SECOND REGULAR SESSION
HOUSE BILL NO. 1698
96TH GENERAL ASSEMBLY
INTRODUCED BY REPRESENTATIVES REDMON (Sponsor), HIGDON, FUHR, KLIPPENSTEIN, HOUGHTON, PHILLIPS, SHIVELY, QUINN, ELLINGER, HAMPTON, ENTLICHER, FRAKER, BURLISON, KEENEY AND CAUTHORN (Co-sponsors).
5571L.01I D. ADAM CRUMBLISS, Chief Clerk
To repeal section 575.070, RSMo, and to enact in lieu thereof two new sections relating to obstruction of justice, with penalty provisions.
Be it enacted by the General Assembly of the state of Missouri, as follows:
Section A. Section 575.070, RSMo, is repealed and two new sections enacted in lieu thereof, to be known as sections 575.064 and 575.070, to read as follows:
575.064. 1. A person commits the crime of obstruction of justice if such person, with the intent to prevent the apprehension or obstruct the prosecution or defense of any person, knowingly commits any of the following acts:
(1) Destroys, alters, conceals, or disguises physical evidence, plants false evidence, furnishes false information; or
(2) Induces a witness having knowledge material to the subject at issue to leave the state or conceal himself or herself; or
(3) Possessing knowledge material to the subject at issue he or she leaves the state or conceals himself or herself.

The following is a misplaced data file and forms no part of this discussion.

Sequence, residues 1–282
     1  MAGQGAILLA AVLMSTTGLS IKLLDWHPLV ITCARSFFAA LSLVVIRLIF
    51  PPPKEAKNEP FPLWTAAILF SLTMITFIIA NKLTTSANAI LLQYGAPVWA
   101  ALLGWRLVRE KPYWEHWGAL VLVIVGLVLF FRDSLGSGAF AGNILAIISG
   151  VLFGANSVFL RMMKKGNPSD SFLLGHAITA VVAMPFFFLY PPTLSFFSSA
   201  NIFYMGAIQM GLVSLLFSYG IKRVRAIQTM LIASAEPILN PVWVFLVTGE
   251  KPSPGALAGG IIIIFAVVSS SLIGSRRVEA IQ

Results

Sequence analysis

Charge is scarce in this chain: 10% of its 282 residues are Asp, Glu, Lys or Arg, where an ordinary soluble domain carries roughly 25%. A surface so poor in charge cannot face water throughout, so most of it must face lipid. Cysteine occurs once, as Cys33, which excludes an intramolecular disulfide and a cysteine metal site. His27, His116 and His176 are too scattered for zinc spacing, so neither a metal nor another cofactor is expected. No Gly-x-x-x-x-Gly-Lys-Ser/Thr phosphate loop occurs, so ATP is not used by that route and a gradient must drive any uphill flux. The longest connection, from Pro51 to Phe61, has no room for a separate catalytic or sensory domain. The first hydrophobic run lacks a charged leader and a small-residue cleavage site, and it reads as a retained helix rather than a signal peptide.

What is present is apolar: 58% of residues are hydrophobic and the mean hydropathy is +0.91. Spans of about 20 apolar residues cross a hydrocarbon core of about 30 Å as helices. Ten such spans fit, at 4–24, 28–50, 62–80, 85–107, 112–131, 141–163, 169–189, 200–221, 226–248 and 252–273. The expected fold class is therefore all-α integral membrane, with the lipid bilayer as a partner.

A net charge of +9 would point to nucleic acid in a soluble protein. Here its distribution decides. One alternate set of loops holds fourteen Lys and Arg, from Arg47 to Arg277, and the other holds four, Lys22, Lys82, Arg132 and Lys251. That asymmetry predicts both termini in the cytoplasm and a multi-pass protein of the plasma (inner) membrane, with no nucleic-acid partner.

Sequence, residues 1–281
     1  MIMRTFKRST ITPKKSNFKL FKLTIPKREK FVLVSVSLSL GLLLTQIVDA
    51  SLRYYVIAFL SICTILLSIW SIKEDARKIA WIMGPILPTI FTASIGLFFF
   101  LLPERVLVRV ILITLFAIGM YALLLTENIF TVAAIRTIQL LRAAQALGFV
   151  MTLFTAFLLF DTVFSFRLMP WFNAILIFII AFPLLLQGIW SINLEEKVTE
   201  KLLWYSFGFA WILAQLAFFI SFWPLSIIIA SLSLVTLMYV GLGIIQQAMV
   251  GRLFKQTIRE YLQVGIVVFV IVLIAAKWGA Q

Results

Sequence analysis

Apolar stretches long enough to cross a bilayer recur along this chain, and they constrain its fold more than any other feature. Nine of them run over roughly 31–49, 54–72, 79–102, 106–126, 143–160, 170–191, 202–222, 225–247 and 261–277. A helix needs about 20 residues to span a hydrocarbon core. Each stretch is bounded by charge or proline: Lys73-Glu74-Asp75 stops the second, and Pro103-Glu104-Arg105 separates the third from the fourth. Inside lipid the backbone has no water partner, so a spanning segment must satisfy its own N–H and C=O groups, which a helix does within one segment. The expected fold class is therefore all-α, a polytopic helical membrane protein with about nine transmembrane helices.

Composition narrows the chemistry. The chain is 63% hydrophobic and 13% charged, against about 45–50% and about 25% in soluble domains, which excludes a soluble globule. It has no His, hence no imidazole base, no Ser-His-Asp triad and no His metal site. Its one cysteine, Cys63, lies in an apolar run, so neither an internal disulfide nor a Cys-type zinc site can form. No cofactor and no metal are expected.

2. Obstruction of justice is a class A misdemeanor unless the actor obstructs prosecution or defense of a felony in which case it is a class D felony.
575.070. No person shall be convicted of a violation of [sections] section 575.040, 575.050 [or] , 575.060, or 575.065 based upon the making of a false statement except upon proof of the falsity of the statement by:
(1) The direct evidence of two witnesses; or
(2) The direct evidence of one witness together with strongly corroborating circumstances; or
(3) Demonstrative evidence which conclusively proves the falsity of the statement; or
(4) A directly contradictory statement by the defendant under oath together with
(a) The direct evidence of one witness; or
(b) Strongly corroborating circumstances; or
(5) A judicial admission by the defendant that he or she made the statement knowing it was false. An admission, which is not a judicial admission, by the defendant that he or she made the statement knowing it was false may constitute strongly corroborating circumstances.